Collette Michaud, Children’s Museum of Sonoma County. “What I remember from my first InterActivity in 2005 in Indianapolis (IN) was how scared I was because I didn’t know anyone or anything about the children’s museum industry. All I knew was that I had a ridiculous dream of starting a children’s museum in my community and was hoping to learn all I could about how to do it.  What I found at the conference was an incredibly warm and welcoming group of people - mostly women, who selflessly took the time to share with me how they had started their own museums. I realized that they had been like me at one point  - just a person with a dream.  They confirmed that anything was possible. Ten years and as many Interactivity conferences later, I was able to open a museum in my community. I will forever be grateful for the generosity of so many people at that first conference. Their stories and willingness to share have deeply inspired and encouraged me over the years.”   

Julia Bland, Louisiana Children’s Museum. “My first conference was in 1998 in San Jose. I felt so overwhelmed and exhilarated - all mixed together. I probably looked like a reporter - asking questions constantly and taking notes from everyone I met. I moved through the conference days bursting with pride, with full confidence that children's museums were addressing the most important issues of the country!

What I remember from that conference could be said of any one since then - really committed professionals, passionate about their work and its hierarchy in the national ecosystems, explosive creativity (even on the tables as centerpieces), a learning environment that made me wish for cloning, nationally significant speakers (Hillary Clinton accepted the Best Friend to Kids Award) and a lot of really nice people.”

Tsivia Cohen, Chicago Children’s Museum. “My first Interactivity was in 2004 in Houston. Our presentation was called Presto! You’re There! Using Pretend as a Vehicle for Learning. We presented with two other museums, and my colleague Elaine Bentley and I were thrilled to hear how this same concept was being explored in completely different ways. We were in a hotel attached to a shopping mall outside of town. It was extremely hot outside and the only way into the city itself--and the museums--was on busses. I loved getting to see the Children's Museum of Houston as well as the Art Museum. For me the best part of the meeting was the opportunity to chat with colleagues whose roles were similar to my own. The connections I made led to new connections and a sense of a broader community of colleagues.”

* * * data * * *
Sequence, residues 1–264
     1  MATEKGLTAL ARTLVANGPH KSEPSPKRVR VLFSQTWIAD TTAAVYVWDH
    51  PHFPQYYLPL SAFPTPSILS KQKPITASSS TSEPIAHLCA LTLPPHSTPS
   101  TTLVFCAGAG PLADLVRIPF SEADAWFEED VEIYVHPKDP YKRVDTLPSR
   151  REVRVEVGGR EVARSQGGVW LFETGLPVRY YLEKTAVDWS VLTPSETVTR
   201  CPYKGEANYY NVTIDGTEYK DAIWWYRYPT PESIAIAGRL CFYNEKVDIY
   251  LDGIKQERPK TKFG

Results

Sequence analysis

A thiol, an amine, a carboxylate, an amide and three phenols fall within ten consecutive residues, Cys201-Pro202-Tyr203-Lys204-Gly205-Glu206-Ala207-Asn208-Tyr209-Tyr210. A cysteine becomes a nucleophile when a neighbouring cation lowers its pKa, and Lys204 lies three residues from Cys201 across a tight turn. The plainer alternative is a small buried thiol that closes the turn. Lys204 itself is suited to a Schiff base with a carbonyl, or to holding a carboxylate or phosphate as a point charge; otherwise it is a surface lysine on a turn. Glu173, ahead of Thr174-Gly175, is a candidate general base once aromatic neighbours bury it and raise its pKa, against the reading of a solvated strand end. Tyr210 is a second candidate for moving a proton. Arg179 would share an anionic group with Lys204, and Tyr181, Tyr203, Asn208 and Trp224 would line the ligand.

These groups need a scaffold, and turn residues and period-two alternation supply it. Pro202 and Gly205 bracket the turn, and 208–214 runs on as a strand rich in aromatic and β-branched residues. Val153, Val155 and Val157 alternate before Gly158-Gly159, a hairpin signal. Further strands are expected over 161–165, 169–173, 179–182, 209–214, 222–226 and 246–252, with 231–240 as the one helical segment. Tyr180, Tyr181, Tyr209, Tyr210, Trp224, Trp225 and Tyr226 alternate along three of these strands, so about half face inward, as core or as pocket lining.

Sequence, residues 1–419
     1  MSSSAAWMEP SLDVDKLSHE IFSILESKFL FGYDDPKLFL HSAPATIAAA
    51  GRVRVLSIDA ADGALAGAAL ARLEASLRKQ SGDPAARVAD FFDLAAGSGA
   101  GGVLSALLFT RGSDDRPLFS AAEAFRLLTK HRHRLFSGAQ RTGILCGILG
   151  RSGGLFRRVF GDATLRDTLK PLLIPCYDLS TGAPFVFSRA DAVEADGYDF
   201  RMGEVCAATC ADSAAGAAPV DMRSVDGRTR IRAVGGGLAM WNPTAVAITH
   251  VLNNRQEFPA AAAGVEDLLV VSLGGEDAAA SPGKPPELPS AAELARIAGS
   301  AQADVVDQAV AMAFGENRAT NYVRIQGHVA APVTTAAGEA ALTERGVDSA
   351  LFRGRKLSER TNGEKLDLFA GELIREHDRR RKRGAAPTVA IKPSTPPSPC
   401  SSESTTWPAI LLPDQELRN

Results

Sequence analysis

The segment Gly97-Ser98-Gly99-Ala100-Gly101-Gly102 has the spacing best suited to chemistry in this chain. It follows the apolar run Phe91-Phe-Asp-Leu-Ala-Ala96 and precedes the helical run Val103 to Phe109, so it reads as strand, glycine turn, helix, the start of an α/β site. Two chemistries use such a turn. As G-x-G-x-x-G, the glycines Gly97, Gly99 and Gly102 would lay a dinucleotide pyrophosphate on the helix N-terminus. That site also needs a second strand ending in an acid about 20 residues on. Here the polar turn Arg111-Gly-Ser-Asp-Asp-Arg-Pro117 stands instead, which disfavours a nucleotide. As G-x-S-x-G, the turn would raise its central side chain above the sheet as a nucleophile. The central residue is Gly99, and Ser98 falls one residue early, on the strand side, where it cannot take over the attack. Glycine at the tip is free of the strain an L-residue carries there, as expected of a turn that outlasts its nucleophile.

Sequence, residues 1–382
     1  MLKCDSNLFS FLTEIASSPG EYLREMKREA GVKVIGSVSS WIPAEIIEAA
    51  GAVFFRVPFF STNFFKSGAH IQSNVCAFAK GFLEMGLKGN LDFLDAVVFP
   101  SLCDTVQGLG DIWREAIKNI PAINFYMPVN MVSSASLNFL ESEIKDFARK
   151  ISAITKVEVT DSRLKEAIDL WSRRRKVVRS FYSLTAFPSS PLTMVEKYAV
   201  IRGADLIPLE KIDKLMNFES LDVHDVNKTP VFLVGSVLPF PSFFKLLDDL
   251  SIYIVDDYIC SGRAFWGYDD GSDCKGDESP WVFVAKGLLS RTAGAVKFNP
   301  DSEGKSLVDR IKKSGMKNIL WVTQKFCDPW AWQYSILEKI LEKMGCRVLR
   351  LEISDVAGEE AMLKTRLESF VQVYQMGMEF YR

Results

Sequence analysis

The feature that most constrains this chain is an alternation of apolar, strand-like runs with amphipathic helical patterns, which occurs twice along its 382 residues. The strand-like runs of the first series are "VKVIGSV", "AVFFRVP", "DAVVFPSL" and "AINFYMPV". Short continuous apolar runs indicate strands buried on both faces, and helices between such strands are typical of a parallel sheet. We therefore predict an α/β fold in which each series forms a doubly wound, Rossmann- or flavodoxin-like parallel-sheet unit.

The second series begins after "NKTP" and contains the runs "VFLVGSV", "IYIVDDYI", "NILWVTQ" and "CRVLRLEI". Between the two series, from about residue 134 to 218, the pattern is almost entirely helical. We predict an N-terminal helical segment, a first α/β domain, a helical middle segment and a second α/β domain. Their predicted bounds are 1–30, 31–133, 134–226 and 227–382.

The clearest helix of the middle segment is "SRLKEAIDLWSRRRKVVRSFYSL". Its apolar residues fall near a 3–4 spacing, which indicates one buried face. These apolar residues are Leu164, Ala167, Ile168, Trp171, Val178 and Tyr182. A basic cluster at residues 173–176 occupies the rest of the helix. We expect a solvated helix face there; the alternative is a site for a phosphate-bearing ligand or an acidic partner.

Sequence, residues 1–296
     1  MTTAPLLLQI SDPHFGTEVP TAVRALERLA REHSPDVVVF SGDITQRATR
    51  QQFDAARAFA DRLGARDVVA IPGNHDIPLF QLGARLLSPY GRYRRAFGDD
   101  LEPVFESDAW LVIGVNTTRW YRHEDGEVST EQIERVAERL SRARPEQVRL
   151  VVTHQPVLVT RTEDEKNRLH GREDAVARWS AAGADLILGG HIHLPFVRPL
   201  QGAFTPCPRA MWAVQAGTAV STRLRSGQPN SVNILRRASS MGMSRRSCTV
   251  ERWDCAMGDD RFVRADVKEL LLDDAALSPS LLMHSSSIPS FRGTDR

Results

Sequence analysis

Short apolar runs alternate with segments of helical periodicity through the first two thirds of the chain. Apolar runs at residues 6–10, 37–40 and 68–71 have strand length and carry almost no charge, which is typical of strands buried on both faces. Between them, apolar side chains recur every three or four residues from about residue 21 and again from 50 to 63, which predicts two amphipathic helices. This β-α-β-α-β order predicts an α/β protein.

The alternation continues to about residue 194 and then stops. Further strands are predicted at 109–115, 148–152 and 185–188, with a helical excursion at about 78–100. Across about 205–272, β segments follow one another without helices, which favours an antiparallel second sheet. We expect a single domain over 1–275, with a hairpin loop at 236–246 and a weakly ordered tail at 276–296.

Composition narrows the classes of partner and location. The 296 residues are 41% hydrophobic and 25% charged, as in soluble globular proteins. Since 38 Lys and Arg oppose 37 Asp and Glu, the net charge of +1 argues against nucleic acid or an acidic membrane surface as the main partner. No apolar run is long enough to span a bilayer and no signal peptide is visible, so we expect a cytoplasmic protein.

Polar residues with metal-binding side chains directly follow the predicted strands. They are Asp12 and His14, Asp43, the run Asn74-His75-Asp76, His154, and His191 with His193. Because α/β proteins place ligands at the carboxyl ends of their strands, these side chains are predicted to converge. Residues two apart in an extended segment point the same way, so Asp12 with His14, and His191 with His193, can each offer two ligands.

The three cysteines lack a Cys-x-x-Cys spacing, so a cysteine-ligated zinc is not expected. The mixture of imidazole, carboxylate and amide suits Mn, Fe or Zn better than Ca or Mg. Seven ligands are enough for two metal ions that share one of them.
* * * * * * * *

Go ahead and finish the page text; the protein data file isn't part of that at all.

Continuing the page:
Carol Scott, Children’s Museum of the Desert. “I was a new Director of Kidspace which was struggling when I attended my first InterActivity in Indianapolis in 1997. I was overwhelmed by TCM’s grandeur and wondered how I could ever compare what we could do with what Indy was. After more research, I came to realize that their museum was the exception, not the typical model.”

Aaron Goldblatt, Paul Orselli and Jen Alexander (2012)
Photo courtesy of Paul Orselli Workshop
Paul Orselli, Paul Orselli Workshop. “I don’t think it was my first ACM, but one of my most memorable and fortuitous conferences was the one in 2007 (I believe) in Chicago during which I met Vessela Gercheva from Bulgaria.  Vessela introduced herself after a session I presented in, and I thought, I’m never going to see this person again. I’m never going to travel to Bulgaria. Little did I know that chance meeting would lead to my involvement with Muzeiko, the first Children’s Museum in Bulgaria!”

Tanya Andrews, Children’s Museum of Tacoma. “The first IA I attended was Indianapolis--it must have been 1997. I was recently engaged! I think what struck me was the size and diversity of our field. How many small fries there are amongst some giants. It's like the ocean--small little fish swim peacefully with the big whales.  Everyone is in support of one another. I felt that right away.”

Kathy Gustafson-Hilton, Hands On! Studio. “My first InterActivity was 1997 in Indianapolis which makes this my 20th I/A; how time flies when you're having a blast. What a memorable combination, attending my first I/A conference and visiting the Indianapolis Children's Museum for the first time! I didn't know what to expect from the conference and didn't know many people. Of course, I had heard a lot about the legendary ICM. Neither disappointed. The thing I remember most about the conference is how friendly and welcoming everyone was - that hasn't changed in 20 years. And what I remember most about ICM is the joy of riding on the beautiful carousel. Both were whirlwind of uplifting experiences!”